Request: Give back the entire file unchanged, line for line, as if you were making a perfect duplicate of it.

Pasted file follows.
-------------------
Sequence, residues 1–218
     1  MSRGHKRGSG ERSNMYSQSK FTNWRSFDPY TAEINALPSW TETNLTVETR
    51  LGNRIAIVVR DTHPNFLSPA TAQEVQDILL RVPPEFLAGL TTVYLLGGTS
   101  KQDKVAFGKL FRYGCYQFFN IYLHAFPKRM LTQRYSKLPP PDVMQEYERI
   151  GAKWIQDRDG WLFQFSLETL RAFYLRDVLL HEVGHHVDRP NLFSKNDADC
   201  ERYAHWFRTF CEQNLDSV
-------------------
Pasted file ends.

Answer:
Sequence, residues 1–218
     1  MSRGHKRGSG ERSNMYSQSK FTNWRSFDPY TAEINALPSW TETNLTVETR
    51  LGNRIAIVVR DTHPNFLSPA TAQEVQDILL RVPPEFLAGL TTVYLLGGTS
   101  KQDKVAFGKL FRYGCYQFFN IYLHAFPKRM LTQRYSKLPP PDVMQEYERI
   151  GAKWIQDRDG WLFQFSLETL RAFYLRDVLL HEVGHHVDRP NLFSKNDADC
   201  ERYAHWFRTF CEQNLDSV